Workplace Violence Lawyer | Serving Charlotte, NC
The workplace is increasingly the scene of violence, and employees are suffering injuries and death while on the job and experiencing emotional trauma from witnessing violence at work. Have you been threatened or physically attacked by a coworker? Consult a Charlotte attorney skilled in workplace violence law and find out what legal recourse is available to you.
Employers have a legal and ethical obligation to ensure the safety of employees, including implementing a plan to secure work facilities from dangerous intruders, securing tools and other objects that could be used a weapons, instituting a system of warnings and alerts when the workplace is threatened, and arranging for the safe removal of injured workers and summoning of medical and police assistance. Where an employer fails to provide and safe workplace, injured workers may bring legal action to recover for pain and suffering and other damages such as lost wages.
An attorney can often resolve your particular legal issue faster and better than trying to do it alone. A lawyer can help you navigate the legal system, while avoiding costly mistakes or procedural errors. You should seek out an attorney whose practice focuses on the area of law most relevant to your issue.
An attorney consultation should provide you with enough information so that you can make an informed decision on whether to proceed with legal help.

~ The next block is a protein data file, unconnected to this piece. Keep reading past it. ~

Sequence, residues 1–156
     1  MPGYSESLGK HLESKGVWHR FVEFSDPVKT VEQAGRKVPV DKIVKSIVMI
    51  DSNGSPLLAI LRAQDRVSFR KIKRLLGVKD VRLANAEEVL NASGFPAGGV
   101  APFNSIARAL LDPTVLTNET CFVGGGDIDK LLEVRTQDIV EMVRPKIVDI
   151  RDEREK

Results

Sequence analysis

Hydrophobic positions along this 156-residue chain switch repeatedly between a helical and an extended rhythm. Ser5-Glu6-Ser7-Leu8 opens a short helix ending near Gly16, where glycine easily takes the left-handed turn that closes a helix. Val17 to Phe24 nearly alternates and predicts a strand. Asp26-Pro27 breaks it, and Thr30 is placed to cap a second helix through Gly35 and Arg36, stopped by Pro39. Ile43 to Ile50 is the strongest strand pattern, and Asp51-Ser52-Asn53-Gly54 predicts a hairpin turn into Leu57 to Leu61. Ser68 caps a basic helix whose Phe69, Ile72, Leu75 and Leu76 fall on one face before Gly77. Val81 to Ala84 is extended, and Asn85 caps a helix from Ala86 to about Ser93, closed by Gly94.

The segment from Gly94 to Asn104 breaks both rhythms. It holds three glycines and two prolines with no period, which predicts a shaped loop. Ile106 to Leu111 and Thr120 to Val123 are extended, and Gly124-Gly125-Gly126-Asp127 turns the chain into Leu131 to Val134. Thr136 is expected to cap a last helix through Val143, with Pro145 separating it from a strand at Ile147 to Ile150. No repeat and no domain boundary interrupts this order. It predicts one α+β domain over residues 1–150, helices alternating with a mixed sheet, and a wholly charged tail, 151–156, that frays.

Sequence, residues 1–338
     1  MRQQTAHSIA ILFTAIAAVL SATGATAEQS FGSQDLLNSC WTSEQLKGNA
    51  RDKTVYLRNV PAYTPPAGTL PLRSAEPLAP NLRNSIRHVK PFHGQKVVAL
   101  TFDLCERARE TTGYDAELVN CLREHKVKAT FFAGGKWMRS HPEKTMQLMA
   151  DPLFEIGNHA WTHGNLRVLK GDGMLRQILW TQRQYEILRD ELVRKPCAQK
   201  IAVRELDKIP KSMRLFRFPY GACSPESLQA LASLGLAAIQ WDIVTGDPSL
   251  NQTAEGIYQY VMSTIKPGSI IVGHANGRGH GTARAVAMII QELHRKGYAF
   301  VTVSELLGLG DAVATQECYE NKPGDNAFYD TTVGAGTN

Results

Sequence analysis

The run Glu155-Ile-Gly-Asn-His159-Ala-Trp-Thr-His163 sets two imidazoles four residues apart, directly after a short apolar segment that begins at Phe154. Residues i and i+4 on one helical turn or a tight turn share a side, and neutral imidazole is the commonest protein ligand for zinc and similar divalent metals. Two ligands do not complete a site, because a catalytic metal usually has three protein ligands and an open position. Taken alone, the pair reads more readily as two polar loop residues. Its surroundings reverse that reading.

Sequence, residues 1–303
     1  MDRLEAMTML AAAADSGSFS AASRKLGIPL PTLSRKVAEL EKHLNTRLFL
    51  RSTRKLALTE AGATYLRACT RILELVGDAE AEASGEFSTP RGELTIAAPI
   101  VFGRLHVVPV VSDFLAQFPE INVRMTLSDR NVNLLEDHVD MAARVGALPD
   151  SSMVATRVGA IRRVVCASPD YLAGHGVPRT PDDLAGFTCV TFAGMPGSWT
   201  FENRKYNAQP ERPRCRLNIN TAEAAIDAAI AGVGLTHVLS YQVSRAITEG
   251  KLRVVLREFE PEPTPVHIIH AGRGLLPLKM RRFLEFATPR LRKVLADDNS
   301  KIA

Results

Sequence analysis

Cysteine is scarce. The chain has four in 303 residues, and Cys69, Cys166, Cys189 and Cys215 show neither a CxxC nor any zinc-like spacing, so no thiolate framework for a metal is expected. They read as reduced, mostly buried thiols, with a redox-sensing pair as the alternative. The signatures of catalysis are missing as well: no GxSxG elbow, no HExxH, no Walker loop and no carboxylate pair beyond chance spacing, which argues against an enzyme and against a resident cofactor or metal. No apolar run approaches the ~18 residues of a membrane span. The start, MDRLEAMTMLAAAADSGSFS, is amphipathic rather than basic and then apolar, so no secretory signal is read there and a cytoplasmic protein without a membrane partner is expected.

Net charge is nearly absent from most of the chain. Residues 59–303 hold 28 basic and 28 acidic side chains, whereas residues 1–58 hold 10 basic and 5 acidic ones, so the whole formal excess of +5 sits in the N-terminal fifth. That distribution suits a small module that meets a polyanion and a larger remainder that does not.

The more experienced a lawyer is in legal practice, the more likely he/she will be able to bring about a successful resolution to your issue. Since experience matters, lawyers who've been practicing law for many years (with a successful track record) tend to be in high demand. You should look for information about a lawyer's experience and ask questions during the initial meeting. It's a very good idea to ask the lawyer how many years he/she has been practicing law and the expected outcome of your case.
Affidavit - A sworn written statement made under oath. An affidavit is meant to be a supporting document to the court assisting in the verification of certain facts. An affidavit may or may not require notarization.
Lead Counsel's objective process independently verifies attorney records, conferring with state bars across the country and conducting annual reviews to confirm that the attorney practices in the legal categories as indicated, possesses a valid bar license, and is eligible to practice in the specific jurisdiction.